Emma Engdahl, Rolf Lidskog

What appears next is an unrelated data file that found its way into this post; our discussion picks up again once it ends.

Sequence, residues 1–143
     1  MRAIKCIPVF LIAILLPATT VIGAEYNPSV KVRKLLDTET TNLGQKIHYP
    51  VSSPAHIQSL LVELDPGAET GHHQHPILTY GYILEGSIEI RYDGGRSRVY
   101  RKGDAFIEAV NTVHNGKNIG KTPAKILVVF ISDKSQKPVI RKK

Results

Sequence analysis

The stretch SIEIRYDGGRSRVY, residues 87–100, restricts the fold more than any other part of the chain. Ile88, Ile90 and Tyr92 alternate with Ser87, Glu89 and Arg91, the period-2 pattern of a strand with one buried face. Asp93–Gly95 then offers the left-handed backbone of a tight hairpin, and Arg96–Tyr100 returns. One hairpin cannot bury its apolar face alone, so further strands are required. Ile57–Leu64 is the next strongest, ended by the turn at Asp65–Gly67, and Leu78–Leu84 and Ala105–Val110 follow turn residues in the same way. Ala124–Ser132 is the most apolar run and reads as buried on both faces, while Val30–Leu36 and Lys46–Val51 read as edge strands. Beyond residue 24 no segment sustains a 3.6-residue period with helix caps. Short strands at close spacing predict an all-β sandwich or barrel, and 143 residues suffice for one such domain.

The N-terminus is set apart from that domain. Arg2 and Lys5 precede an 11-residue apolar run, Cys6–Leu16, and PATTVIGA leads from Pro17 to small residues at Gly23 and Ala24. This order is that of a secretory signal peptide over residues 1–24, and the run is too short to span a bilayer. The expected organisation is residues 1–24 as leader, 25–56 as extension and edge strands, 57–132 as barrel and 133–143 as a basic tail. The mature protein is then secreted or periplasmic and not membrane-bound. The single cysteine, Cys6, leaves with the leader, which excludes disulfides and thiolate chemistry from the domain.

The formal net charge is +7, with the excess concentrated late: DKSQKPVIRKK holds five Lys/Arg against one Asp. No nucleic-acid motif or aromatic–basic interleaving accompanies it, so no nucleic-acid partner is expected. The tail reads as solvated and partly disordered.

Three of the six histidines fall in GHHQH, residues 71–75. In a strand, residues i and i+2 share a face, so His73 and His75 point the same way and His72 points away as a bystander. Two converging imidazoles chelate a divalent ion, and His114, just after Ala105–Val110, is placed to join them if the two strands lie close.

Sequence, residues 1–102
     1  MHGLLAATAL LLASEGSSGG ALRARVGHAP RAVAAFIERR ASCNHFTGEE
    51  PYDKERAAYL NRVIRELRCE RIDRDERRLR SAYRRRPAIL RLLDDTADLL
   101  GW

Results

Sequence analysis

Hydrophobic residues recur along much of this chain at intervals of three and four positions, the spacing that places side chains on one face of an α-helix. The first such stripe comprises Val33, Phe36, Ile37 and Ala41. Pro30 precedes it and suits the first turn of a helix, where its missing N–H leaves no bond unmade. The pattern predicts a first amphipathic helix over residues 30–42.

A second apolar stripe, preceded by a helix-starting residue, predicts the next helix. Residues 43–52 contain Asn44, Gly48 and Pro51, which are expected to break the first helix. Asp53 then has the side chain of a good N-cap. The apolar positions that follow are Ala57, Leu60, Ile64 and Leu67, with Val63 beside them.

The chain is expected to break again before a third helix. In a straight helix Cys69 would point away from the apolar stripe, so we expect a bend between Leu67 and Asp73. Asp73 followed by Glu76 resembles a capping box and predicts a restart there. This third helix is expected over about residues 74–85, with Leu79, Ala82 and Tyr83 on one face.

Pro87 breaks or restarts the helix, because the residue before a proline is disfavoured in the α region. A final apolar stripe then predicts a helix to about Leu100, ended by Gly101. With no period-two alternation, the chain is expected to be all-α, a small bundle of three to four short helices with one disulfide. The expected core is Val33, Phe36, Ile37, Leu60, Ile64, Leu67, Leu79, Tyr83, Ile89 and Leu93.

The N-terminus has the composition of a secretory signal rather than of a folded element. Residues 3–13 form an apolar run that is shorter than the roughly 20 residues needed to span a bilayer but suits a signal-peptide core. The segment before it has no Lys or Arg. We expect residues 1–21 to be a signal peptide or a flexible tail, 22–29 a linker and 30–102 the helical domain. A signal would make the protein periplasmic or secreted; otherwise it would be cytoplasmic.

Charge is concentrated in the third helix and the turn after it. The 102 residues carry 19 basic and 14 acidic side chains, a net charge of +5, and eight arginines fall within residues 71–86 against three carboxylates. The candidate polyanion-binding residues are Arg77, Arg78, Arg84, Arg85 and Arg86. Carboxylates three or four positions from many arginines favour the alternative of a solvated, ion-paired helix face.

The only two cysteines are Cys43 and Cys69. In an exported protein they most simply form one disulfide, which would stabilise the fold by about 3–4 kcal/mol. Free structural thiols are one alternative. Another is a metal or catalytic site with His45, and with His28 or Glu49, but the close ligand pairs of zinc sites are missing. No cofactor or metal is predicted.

Current discussions on public trust, as well as on risk communication, have a restricted rationalistic bias in which the cognitive-reflexive aspect of trust is emphasized at the expense of its emotional aspect. This article contributes to a substantive theory of trust by exploring its emotional character. Drawing on recent discussions in science and technology studies, social psychology, and general social theory, it argues that trust is a modality of action that is relational, emotional, asymmetrical, and anticipatory. Hence, trust does not develop through information and the uptake of knowledge but through emotional involvement and sense-making. The implications of this conception of trust for public understandings of science and for risk communication are discussed.